Knowledge and Training for Financial Decision Making!

NEWSLETTER of August 31, 2018

finexpert Community

This week we welcomed our 1.700th finexpert-member!

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The following content has been added at finexpert:


Tutorials
QoD7

Question of doubt in corporate valuation QoD#7: Gordon-Shapiro model or value driver model for terminal value caclulation? (Bernhard Schwetzler)

This video introduces the "value driver model" as an extension of the Gordon-Shapiro (GS) model for terminal value calculation. It discusses advantages and problems when comparing it against the GS model. (August 31, 2018). >more


Studies > Performance

Deloitte

WELCHEN WERT HAT DER BITCOIN?

Bitcoin has the potential to fundamentally change the financial industry, trade and business models of many companies. But how do Bitcoin and Blockchain work exactly? And what do companies need to know in order to benefit from it? The Deloitte experts explain the functionality and possibilities of the virtual currency. >more

Studies > Performance

Morningstar/PitchBook

DIGITAL ADVICE RAISES PROFITS FOR INVESTMENT SERVICES INDUSTRY

The original robo-advisor model had three main challenges: high client-acquisition costs, ongoing costs of servicing clients, and low revenue yield on client assets. But new business models (and more aggressive digital-transformation efforts) are helping to address these faults. Find out more about these business models in this report. >more

Studies > Performance

Deloitte

2018 GLOBAL BLOCKCHAIN SURVEY

Deloitte’s new global survey of more than 1,000 blockchain-savvy executives from seven countries and nine industries is a leading indicator of where blockchain is headed. The executives see great value in blockchain’s potential to reinvent processes across the business value chain and there is interest and investment in a wide range of use cases. >more

Studies > Macro

The Boston Consulting Group

HOW MUCH WILL A TRADE WAR HURT YOUR COMPANY?

The trade dispute between the US and China continues to escalate. Tariffs of 25% have been imposed or announced on $50 billion of imports from China, and tariffs on a further $200 billion are now being reviewed. With some of the world’s largest trading relationships embroiled in an escalating trade conflict, how high might the cost to the global economy and to your firm be? >more


Research Papers > Corporate Finance

HOW DO CHIEF FINANCIAL OFFICERS AFFECT CORPORATE CASH POLICIES?

Chris Florackis, and Sushil Sainani
2017
This paper examines the extent to which Chief Financial Officers (CFOs) affect corporate cash holding policies. We construct an index (CFO index) that enables us to distinguish between "strong'' and "weak'' CFOs based on their ability to influence firm outcomes. We find that firms with strong CFOs hold substantially less cash than firms with weak CFOs, ceteris paribus. Importantly, the CFO effect documented in our study goes beyond the effect caused by the Chief Executive Officer (CEO) on cash holdings. Our findings provide the first direct empirical evidence that firms with strong CFOs are well positioned to hold less cash due to their relatively weak precautionary motive and superior ability to raise external financing during periods of financial stress. >more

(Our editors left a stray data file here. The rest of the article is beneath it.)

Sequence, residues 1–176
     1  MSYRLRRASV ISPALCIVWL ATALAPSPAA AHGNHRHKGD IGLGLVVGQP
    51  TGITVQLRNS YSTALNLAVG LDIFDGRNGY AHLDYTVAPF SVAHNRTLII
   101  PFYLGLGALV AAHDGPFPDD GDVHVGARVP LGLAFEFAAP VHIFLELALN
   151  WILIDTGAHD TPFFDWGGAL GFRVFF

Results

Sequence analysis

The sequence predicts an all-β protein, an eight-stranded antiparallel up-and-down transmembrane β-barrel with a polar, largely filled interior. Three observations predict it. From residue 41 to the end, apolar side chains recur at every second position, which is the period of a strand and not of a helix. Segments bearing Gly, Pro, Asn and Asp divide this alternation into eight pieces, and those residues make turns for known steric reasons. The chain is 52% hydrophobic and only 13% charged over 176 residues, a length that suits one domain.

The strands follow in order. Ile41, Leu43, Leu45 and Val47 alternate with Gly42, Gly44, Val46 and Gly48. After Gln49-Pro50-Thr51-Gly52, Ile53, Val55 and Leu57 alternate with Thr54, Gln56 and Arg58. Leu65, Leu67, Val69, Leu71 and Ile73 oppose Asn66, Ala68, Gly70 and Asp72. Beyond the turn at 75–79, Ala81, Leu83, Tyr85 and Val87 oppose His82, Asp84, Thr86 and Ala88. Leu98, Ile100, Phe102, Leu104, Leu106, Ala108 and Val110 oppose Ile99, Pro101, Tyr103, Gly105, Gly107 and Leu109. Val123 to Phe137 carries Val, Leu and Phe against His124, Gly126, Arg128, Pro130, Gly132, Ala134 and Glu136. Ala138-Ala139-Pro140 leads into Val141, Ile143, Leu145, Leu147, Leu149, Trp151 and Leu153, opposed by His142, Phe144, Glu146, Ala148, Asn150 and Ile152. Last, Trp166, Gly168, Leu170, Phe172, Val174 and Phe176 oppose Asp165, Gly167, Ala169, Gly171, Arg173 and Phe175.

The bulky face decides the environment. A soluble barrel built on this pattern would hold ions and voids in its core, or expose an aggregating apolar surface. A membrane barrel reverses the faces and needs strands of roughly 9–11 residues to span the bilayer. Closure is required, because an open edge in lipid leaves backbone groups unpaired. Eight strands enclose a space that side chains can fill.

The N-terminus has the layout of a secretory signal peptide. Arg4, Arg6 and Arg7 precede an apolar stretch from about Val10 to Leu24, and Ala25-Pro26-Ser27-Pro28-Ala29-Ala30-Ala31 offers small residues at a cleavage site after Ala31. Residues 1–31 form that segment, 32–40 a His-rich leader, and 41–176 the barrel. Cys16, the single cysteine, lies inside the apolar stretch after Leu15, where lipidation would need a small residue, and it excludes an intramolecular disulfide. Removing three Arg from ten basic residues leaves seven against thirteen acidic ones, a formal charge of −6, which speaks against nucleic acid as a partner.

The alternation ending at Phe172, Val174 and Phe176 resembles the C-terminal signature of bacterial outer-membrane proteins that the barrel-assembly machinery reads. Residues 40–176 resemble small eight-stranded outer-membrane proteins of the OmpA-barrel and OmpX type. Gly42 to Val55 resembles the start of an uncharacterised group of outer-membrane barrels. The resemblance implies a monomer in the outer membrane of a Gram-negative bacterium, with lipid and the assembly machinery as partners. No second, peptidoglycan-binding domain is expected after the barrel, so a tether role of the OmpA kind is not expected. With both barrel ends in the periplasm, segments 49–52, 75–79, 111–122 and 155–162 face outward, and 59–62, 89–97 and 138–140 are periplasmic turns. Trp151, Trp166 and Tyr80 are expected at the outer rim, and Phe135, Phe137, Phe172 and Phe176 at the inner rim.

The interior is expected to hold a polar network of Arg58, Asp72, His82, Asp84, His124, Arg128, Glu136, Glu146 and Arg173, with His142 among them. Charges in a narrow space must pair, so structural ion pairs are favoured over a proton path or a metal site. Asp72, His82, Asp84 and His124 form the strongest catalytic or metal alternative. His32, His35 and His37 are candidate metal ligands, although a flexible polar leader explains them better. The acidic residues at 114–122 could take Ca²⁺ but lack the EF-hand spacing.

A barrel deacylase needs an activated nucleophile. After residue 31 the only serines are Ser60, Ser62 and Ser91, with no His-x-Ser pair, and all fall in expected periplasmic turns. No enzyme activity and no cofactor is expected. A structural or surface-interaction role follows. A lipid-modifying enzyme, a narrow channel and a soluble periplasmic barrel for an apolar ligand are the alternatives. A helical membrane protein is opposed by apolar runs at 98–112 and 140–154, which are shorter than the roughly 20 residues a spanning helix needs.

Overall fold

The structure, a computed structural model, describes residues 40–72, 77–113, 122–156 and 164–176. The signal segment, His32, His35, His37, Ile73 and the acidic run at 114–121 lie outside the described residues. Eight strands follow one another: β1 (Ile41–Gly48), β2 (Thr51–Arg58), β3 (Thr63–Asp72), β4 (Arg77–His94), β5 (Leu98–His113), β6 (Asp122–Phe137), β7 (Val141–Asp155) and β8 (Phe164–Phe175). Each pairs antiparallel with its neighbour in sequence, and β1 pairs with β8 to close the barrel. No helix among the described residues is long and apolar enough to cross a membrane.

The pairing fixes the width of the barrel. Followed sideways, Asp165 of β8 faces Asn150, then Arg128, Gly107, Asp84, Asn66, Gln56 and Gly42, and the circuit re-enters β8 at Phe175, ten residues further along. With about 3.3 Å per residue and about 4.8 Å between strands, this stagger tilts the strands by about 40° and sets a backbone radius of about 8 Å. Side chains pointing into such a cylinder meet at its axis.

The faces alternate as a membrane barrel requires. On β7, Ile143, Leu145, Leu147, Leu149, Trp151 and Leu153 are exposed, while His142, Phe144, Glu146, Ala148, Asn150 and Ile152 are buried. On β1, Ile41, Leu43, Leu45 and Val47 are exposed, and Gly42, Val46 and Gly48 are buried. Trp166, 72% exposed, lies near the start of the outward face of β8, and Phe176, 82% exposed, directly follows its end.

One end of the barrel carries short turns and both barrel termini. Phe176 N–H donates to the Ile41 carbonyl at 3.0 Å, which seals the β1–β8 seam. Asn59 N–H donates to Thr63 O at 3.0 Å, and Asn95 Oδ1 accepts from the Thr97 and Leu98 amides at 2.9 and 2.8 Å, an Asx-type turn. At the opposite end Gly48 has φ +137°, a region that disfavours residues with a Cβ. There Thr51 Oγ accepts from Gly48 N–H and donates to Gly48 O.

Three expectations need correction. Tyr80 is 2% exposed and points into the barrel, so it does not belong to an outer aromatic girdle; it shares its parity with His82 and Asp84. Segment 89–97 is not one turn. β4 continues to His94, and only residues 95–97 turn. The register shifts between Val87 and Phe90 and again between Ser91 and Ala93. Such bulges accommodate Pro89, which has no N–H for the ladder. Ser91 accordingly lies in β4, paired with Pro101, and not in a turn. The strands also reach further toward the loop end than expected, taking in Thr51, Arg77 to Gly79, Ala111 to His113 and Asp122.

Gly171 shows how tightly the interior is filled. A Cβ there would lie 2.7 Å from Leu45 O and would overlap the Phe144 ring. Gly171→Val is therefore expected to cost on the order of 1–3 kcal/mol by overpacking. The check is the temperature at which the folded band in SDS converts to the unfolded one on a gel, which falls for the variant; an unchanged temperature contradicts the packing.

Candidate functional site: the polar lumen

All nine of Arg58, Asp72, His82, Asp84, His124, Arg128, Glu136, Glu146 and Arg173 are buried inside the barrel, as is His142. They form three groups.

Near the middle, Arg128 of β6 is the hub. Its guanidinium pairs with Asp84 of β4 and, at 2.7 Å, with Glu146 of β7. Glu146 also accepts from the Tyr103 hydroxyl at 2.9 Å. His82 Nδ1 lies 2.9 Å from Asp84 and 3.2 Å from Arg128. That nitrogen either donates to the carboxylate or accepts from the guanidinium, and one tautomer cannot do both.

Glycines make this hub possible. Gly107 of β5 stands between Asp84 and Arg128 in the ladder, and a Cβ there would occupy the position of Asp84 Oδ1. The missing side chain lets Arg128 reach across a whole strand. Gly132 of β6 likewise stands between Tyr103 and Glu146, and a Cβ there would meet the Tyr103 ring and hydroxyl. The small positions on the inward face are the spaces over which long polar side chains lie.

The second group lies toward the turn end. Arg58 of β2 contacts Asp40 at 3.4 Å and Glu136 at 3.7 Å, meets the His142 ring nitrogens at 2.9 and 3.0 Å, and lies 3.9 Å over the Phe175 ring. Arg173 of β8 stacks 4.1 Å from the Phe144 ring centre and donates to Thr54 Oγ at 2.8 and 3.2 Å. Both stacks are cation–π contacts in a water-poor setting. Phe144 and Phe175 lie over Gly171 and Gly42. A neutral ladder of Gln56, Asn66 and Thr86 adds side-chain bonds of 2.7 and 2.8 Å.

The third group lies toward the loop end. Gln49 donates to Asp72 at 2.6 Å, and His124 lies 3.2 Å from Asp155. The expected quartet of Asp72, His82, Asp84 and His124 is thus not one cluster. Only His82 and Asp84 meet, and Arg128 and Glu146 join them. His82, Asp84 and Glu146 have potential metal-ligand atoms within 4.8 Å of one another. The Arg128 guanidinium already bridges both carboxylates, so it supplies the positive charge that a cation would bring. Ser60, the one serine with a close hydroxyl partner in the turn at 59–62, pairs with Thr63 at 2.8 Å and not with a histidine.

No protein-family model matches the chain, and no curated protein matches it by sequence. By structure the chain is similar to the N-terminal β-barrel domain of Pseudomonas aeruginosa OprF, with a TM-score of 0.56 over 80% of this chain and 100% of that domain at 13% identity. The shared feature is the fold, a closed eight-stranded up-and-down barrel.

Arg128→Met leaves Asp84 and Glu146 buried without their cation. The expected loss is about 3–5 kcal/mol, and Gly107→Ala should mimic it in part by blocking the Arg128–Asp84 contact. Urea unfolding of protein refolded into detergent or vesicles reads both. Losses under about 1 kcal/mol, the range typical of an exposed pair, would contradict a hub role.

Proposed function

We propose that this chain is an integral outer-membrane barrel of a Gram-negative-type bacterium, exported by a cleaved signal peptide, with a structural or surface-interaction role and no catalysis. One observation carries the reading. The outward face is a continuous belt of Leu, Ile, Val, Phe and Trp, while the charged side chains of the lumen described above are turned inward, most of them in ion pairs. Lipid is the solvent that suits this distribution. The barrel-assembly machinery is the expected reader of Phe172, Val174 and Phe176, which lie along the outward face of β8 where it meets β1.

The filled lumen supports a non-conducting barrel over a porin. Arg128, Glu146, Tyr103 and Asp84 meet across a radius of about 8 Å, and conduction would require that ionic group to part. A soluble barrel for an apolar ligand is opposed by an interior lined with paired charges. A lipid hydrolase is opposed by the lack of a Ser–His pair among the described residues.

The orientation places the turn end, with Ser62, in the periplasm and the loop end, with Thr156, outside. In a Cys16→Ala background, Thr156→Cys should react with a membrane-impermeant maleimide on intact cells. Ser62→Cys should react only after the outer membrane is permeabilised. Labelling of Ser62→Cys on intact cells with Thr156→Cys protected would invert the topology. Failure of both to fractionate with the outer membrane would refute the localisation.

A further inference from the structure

Research Papers > Corporate Finance

TRADE CREDIT AND SUPPLIER COMPETITION

Jiri Chod, Evgeny Lyandres, and S. Alex Yang
2018
This paper examines how competition among suppliers affects their willingness to provide trade credit financing. Trade credit extended by a supplier to a cash constrained retailer allows the latter to increase cash purchases from its other suppliers, leading to a free rider problem. A supplier that represents a smaller share of the retailer's purchases internalizes a smaller part of the benefit from increased spending by the retailer and, as a result, extends less trade credit relative to its sales. In consequence, retailers with dispersed suppliers obtain less trade credit than those whose suppliers are more concentrated. The free rider problem is especially detrimental to a trade creditor when the free-riding suppliers are its product market competitors, leading to a negative relation between product substitutability among suppliers to a given retailer and trade credit that the former provide to the latter. >more